Why Nursing School Friends Are So Vital

Why Nursing School Friends Are So Vital

No pun intended.

When I started nursing school, I knew it would be difficult. I wasn’t naïve. I heard the stories. I knew what I was getting into…to a certain degree.

It was everything I thought it would be and more. The highs were higher and the lows were lower. The thing you realize quickly in nursing is that it's not something you can achieve on your own. You have to have a support system. It’s how you survive. It can feel like you're on your own because you have to perform the skills and make the grades, but really, there are so many friends standing behind you pushing you through.

I’ve seen it over and over again. I’ve been a part of it, witnessed it and had help myself. The truth is, even the most intelligent students need help in some sort of way. It might be hard to realize it when you're so inwardly focused, but when you look around you, everyone is walking the same path. They just have different strengths and weaknesses. It's an incredible thing when others use their personal strengths to offset your weaknesses. Nursing friends see in you what you don’t see in yourself. Nursing friends share your passions, sleepless nights, early mornings, stress, panic attacks, victories and failures. Nursing friends are your own personal cheerleaders.

It’s no secret that we deal with some pretty gross stuff. Who else can you count on when you're walking down the unit trying to find an extra pair of hands to help you change the clothes of a morbidly obese patient who's covered from shoulders to ankles in their stool? Your nursing buds.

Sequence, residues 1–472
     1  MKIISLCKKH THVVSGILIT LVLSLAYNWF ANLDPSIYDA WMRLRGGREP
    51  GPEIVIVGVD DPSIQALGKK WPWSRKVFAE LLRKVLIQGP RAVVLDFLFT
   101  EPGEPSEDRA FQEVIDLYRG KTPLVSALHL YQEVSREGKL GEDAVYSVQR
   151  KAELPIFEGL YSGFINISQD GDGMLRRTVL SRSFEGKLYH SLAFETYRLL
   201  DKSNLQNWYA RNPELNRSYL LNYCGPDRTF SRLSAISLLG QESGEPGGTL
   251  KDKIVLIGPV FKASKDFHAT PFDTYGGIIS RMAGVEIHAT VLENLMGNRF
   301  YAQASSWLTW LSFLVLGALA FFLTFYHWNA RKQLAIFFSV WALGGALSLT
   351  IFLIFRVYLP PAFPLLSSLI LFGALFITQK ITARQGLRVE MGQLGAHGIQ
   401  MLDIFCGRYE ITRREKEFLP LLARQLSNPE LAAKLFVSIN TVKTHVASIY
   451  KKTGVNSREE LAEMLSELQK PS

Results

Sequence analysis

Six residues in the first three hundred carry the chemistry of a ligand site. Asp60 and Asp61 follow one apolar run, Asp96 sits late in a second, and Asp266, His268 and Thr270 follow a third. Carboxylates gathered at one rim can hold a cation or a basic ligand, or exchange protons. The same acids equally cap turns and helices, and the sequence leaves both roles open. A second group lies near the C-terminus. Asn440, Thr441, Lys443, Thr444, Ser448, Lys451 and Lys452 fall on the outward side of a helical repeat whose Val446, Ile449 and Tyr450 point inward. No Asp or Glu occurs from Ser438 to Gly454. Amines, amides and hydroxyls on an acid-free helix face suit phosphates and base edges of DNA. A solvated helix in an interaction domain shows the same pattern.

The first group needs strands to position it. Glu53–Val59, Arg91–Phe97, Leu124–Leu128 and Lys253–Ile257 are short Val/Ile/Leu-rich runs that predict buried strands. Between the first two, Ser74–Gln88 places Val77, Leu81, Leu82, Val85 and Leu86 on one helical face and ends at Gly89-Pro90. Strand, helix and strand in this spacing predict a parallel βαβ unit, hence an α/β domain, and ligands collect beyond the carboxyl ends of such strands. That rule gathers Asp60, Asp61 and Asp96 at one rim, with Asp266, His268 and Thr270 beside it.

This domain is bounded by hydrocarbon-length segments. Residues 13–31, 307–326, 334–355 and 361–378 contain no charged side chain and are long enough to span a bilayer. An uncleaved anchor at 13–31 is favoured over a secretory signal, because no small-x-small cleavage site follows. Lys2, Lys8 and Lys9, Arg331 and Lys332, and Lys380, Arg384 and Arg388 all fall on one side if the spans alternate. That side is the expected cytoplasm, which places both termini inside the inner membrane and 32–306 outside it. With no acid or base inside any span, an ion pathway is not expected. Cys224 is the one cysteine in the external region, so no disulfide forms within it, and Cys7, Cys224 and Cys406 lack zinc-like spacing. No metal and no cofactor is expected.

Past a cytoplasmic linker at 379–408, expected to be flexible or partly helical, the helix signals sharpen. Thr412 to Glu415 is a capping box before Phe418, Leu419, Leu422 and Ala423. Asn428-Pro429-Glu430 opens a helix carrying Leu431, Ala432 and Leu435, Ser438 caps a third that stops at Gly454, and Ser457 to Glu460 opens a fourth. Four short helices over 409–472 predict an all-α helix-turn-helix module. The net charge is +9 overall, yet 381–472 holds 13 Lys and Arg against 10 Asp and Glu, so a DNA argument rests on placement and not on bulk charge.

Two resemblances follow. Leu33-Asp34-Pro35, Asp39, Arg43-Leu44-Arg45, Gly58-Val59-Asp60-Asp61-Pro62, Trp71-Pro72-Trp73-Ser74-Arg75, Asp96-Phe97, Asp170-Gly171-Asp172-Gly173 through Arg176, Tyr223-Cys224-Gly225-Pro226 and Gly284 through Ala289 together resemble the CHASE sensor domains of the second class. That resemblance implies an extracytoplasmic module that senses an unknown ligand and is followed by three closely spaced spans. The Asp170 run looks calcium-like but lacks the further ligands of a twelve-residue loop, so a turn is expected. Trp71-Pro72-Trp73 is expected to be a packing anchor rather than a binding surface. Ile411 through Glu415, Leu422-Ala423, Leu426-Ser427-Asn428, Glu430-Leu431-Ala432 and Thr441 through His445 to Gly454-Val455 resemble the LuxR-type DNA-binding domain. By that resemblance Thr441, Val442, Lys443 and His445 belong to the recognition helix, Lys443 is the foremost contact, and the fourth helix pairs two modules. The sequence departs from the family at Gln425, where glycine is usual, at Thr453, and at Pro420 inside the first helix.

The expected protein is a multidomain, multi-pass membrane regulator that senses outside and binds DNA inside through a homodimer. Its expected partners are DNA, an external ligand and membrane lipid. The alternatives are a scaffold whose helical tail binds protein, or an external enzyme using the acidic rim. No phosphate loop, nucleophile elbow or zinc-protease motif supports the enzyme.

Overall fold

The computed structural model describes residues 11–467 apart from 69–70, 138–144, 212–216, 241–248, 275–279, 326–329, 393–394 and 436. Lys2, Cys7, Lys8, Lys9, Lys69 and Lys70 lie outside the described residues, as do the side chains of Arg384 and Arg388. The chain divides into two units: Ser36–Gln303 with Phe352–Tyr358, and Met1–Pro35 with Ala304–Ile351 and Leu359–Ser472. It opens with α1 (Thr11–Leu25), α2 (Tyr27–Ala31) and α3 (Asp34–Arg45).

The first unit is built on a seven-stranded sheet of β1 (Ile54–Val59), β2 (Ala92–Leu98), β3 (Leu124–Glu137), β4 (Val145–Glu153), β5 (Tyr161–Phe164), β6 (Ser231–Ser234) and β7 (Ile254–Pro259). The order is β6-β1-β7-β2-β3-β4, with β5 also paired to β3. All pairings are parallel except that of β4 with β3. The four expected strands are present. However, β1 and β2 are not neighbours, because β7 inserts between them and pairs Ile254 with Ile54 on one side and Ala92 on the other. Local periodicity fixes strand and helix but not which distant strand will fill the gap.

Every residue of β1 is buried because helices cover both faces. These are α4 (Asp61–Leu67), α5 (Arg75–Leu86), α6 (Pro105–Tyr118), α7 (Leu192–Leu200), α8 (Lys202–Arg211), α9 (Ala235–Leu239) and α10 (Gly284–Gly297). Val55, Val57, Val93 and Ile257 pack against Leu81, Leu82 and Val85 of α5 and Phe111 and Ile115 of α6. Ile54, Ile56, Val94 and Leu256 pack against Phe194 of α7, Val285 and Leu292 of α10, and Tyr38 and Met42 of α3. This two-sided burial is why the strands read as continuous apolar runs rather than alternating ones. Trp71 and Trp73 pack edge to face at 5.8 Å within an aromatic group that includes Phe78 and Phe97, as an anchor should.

What about when your patient goes into v-fib (ventricular fibrillation), and you need someone to relief on chest compressions? Your rock star nurse friends are there to lend a hand or two.

Or what about when you are scrubbing into a C-Section for the first time and you're kind of, sort of, secretly concerned you might get queasy or faint? Your nursing squad will remind you how tough you are. They’ll assist you as quickly as possible and when you are finished washing your hands a thousand times, they’ll make you laugh or smile. They’ll always be there to help you with dignity, support, love and encouragement.

Your nursing friends know which supply closet you go hide in when you are about to lose it or when class is so long it’s giving you a headache so they pass you some Tylenol. Nursing friends are the backbone of your nursing school experience. I always love it that, whenever I need hand sanitizer, Tylenol/Advil/Motrin or even a Band-Aid, someone always has it.

Even if you don’t talk every day, or you take different class times, there is always someone waving hello or asking how you're holding up. You are all so different, but at the same time, you feel like you're surrounded by so many who are just like you. They care as much as you do. They love as much as you do. And the best part: they just love you. Even on your worst days. There will be times when you trip up on the easy stuff you know that you know, but they’ll be there with open arms telling you about when they were in the same place. They are the ones who “fight in the trenches” with you. They’ll carry you when you can’t keep going, and you’ll do the same. No woman or man left behind.

Nursing friends are incredible lifelong blessings. So, remember to thank them every once in while. Keep cheering each other on, keep fighting together and keep reminding each other that the end goal is closer than it seems.

Cover Image Credit: Maddy Cagle